5 Healthcare Industry Trends Happening in 2017
Following trends in the healthcare industry will help you better understand the political, medical, economical, and technological changes being used to support patient care and help cut operation costs.
The healthcare industry is continuing to become more stable and self-sufficient as the years go on. Inter-related industries such as banking, insurance, and healthcare vendors and suppliers will gain positive benefits from a lot of trends, but it’s the consumers who will benefit most from them. This is especially true when it comes to technology which will allow patients to easily lead better, healthier lives by use of their phones or tablets for online video consultations without ever leaving home.
Medicare Access and CHIP Reauthorization Act (MACRA)
Payers and physicians believe MACRA will dramatically change the way providers will receive payments in America. Some concerns of MACRA include:
- Providers not being aware of MACRA.
- It’s challenging to extend the programs to rural and small practices.
- The implementation of MACRA is difficult due to it being a 2400 page long comprehensive document.
Affordable Care Act (ACA)
One of President Donald Trump’s top priorities is repealing and replacing Obamacare, although complete repeal of ACA may not be the best choice for many reasons such as not knowing:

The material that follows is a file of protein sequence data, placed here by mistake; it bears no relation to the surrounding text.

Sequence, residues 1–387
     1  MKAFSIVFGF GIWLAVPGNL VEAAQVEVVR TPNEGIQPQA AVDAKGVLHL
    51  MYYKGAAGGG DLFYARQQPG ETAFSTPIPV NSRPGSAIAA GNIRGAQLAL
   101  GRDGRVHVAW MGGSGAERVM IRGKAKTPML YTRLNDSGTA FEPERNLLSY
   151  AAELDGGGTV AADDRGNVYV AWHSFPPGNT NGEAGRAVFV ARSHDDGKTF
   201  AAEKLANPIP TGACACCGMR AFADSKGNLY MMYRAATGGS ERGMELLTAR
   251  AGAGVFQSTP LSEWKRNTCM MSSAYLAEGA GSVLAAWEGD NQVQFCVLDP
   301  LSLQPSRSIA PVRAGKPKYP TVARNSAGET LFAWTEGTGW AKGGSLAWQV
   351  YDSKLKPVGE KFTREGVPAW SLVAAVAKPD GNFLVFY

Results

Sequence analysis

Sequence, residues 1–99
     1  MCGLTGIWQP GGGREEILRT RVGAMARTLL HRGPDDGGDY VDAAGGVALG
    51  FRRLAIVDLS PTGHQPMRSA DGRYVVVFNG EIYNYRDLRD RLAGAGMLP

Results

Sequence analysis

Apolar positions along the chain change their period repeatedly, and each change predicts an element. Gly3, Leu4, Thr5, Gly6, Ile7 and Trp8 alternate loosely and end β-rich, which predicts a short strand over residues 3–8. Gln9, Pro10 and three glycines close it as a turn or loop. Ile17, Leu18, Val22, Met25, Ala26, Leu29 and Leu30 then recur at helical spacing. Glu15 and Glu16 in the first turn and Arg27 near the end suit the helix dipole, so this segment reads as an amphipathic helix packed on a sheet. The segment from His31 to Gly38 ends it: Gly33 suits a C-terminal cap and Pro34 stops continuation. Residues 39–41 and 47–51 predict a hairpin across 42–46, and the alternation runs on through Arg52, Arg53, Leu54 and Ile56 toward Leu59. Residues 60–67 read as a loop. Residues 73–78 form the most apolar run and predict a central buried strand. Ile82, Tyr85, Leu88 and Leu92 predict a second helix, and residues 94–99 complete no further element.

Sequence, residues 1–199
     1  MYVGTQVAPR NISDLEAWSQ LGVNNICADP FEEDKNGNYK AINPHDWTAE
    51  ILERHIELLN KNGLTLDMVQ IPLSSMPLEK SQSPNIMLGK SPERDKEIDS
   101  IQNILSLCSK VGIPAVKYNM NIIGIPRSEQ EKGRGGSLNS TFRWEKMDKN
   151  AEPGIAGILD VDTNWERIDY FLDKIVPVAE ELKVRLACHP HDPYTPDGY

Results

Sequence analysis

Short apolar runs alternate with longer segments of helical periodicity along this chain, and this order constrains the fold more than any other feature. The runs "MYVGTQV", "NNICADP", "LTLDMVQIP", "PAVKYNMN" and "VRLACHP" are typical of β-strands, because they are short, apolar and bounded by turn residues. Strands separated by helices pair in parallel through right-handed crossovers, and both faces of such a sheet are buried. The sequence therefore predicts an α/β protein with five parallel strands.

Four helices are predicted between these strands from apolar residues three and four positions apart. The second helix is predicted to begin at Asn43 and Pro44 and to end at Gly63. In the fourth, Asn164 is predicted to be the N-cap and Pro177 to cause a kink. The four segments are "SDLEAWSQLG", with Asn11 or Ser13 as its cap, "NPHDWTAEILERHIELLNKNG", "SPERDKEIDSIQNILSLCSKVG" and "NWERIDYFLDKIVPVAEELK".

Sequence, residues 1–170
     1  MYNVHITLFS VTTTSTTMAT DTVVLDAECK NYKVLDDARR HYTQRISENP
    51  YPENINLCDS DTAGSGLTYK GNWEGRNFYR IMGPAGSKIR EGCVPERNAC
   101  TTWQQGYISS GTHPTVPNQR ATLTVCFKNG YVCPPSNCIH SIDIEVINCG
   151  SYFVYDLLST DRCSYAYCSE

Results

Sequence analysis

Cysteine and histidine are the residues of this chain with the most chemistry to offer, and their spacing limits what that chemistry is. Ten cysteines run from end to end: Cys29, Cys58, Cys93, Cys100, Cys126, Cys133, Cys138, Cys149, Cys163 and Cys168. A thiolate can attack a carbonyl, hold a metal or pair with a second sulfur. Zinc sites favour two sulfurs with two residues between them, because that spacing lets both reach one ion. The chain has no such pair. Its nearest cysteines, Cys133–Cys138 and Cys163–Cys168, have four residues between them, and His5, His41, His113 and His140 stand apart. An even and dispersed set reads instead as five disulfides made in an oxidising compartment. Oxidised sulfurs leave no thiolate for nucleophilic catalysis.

- What will happen to provisions such as being able to wave the pre-existing conditions clause?
- Will children be covered under their parents insurance?
- How many people will become insured or lose insurance?
Medical cost growth is estimated to be 6.5% with prices continuing to be major drivers of healthcare costs according to PwC. An increase in the US economy is gaining greater inflation rates, affecting the labor-intensive health sector, increasing wages, and medical prices. Employers are looking at new cost containment strategies such as working with providers to help lower healthcare prices beyond increasing costs through high deductible plans.
Biosimilars are alternative drugs generated from living organisms, which can cause tiny differences each time batches of the medicine are made. Unlike generic drugs which are made by using the same formula to create a copy of another drug, the biological medicine people take may not be the same every time they take it. With drug prices continuing to rise, the adoption of biosimilars in the United States can open up the door for lower healthcare costs and better patient access.
Empowerment with Wearable Technology
Often, patients are more likely to take over control of their health management when they are more aware of their conditions, allowing for better outcomes and lower cost of care. Combining a person’s data from a lifetime of medical records and putting their information into wearable devices by way of artificial intelligence (AI) as well as having experienced doctors and nurses, allows patients to receive information such as simple reminders, encouragement, or warnings over social media or through their smartphone apps.